Politics & Government

Senate GOP leader wants to change how library boards are chosen

Retired Scott County librarians Nanette Eichell, left, and Earlene Arnett talk with state Sen. Damon Thayer, R-Georgetown, on Wednesday, Feb. 8, 2017. The women oppose Senate Bill 48, which would let county judge-executives name their own library board members.
Retired Scott County librarians Nanette Eichell, left, and Earlene Arnett talk with state Sen. Damon Thayer, R-Georgetown, on Wednesday, Feb. 8, 2017. The women oppose Senate Bill 48, which would let county judge-executives name their own library board members. John Cheves

Senate Majority Leader Damon Thayer, R-Georgetown, said Wednesday that he wants to place limits on the taxing authority of local library boards by requiring their members to either be elected or appointed by an elected official, such as the county judge-executive.

Staring at a hearing room full of library supporters wearing yellow stickers, the Senate State and Local Government Committee removed Senate Bill 48 from its agenda. The bill would give judge-executives the authority to name their own library board members if they found the candidates presented to them by the state Department of Libraries and Archives to be “unsuitable.”

Opponents of the bill say it would let county political bosses extend their influence to public libraries, which should be independently run resources for communities.

“We have some counties in Kentucky that already don’t have the libraries their communities deserve,” said Nanette Eichell, a retired Scott County librarian. “You might get a progressive or an open-minded judge who would appoint good people. But you also might not. You’re sort of betting that this person is going to look out for the best interests of the library and the people who use it.”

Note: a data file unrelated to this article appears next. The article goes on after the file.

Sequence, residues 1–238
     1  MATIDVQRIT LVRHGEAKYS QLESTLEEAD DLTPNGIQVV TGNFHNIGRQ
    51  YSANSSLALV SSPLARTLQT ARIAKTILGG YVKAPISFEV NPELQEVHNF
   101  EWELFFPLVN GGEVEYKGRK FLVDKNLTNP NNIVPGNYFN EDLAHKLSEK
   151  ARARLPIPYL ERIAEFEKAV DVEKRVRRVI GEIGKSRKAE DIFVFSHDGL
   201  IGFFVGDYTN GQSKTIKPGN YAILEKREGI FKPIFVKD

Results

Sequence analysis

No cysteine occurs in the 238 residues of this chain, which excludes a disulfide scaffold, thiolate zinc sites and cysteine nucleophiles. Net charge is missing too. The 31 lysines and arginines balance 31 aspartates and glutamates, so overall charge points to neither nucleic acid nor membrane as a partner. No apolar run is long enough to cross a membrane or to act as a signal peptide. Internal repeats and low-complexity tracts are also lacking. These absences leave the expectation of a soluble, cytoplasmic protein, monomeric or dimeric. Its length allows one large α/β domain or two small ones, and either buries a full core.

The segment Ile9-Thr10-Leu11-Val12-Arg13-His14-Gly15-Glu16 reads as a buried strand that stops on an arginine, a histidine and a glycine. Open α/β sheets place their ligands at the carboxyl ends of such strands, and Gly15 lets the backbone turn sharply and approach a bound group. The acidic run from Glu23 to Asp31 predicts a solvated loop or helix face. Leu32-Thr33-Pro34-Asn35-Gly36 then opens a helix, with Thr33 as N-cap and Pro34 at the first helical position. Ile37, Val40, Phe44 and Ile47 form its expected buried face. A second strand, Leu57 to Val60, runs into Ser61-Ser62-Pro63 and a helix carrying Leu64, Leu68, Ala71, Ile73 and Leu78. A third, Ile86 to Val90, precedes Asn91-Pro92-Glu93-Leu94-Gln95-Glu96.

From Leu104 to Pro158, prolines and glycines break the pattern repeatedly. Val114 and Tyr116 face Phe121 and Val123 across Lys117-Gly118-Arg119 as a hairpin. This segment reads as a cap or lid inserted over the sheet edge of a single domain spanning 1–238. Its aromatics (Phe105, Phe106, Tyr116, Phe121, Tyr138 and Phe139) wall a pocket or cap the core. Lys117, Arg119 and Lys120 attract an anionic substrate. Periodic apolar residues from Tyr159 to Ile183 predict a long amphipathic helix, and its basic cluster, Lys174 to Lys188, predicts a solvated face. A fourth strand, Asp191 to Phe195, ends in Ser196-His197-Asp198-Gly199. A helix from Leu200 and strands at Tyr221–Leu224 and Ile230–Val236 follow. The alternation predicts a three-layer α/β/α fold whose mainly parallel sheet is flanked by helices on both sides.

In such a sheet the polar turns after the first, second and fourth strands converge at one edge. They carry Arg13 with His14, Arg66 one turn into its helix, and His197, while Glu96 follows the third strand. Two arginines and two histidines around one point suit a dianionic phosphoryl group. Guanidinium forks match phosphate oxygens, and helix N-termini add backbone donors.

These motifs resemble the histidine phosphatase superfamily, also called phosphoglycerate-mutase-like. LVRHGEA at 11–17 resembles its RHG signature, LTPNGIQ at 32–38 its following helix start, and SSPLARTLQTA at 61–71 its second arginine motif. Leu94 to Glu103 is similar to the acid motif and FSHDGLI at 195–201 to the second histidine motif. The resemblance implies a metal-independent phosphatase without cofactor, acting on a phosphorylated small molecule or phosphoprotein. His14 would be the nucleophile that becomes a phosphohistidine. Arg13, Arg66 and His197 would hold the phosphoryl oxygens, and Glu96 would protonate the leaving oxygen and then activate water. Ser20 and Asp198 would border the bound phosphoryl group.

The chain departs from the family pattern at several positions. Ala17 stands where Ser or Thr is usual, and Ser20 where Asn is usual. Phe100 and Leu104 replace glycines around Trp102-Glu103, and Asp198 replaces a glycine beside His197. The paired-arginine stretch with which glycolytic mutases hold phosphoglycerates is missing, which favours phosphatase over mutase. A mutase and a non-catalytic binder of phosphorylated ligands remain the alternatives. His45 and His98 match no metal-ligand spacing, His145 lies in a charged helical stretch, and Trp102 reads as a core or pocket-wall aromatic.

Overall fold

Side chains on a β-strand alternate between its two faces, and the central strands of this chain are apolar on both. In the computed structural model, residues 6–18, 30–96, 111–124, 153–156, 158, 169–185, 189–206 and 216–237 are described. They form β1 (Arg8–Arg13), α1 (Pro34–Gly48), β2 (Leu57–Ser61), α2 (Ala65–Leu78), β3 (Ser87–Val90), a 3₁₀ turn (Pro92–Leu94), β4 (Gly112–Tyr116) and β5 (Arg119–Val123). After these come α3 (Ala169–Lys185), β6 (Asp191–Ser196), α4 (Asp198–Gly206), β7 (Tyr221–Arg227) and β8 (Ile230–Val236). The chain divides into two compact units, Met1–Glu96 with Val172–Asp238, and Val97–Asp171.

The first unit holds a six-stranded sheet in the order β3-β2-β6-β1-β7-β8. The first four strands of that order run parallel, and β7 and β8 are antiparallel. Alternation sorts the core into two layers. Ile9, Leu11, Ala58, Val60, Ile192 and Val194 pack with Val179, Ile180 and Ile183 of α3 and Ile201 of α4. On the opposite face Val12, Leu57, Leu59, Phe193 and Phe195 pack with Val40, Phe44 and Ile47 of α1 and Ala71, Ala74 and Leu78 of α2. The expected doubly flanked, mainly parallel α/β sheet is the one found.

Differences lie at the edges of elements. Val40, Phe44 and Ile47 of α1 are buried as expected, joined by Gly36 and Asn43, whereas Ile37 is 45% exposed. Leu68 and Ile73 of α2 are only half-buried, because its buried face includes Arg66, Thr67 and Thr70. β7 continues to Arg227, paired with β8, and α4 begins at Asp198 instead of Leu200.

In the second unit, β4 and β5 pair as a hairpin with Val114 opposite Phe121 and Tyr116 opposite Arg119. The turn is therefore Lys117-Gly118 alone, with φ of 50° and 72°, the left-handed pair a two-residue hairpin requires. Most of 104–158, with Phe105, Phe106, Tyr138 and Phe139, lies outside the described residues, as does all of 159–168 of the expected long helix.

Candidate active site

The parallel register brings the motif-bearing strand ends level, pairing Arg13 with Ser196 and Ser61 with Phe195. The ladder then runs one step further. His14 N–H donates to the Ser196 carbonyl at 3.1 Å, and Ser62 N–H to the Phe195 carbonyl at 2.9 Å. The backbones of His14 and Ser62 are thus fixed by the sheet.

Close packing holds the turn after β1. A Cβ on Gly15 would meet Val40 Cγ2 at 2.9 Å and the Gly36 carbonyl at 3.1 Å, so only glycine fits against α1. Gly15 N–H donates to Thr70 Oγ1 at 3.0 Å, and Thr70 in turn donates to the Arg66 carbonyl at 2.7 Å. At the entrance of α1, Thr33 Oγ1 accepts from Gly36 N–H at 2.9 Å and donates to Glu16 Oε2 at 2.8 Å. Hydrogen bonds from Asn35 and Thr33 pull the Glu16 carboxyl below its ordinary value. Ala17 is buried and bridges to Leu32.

Thayer told the audience at the Senate hearing that many library districts in Kentucky can raise taxes without any direct representation by citizens.

Under current law, library districts with taxing authority send the names of people interested in sitting on their boards to the state Department of Libraries and Archives, which passes along two candidates for each open seat to the county judge-executive. (The Lexington Public Library, which does not have taxing authority, is run by a seven-member board appointed by the mayor.)

“I’ve been a longtime advocate of bringing greater accountability and transparency to the numerous unelected, appointed boards with taxing and spending authority,” Thayer said.

“I’m still greatly troubled by the fact that we have hundreds of millions of dollars in taxpayer moneys being spent by appointed, unelected boards. And I know that (the libraries’) intentions are always good,” he said. “But I’m also always, first and foremost, going to look at protecting the taxpayers.”

Thayer then suggested “open elections for our public library boards,” a proposal that he believes the legislature should study later this year and consider as a bill in the 2018 legislative session.

Taxpayer groups have criticized libraries around Kentucky in recent years, most notably in a lawsuit that challenged the taxing authority of libraries in Kenton and Campbell counties. The state Court of Appeals sided with the libraries. Had the taxpayer groups won, they could have forced most of the state’s library systems to roll back their tax rates and collectively refund millions of dollars.

The sponsor of HB 48, state Sen. John Schickel, R-Union, said he has pushed similar legislation for several years. But he requested that his bill be removed from Wednesday’s committee agenda because he was not prepared to advance it.

Schickel said he knows of a dozen Kentucky counties where the library’s property tax rate equals or exceeds the county government’s tax rate. He added that he would favor direct election of library board members, as Thayer proposed.

“I would definitely support that. I’d actually prefer that to my own bill. We’re going to bring some accountability to these boards one way or another,” Schickel said.

John Cheves: 859-231-3266, @BGPolitics

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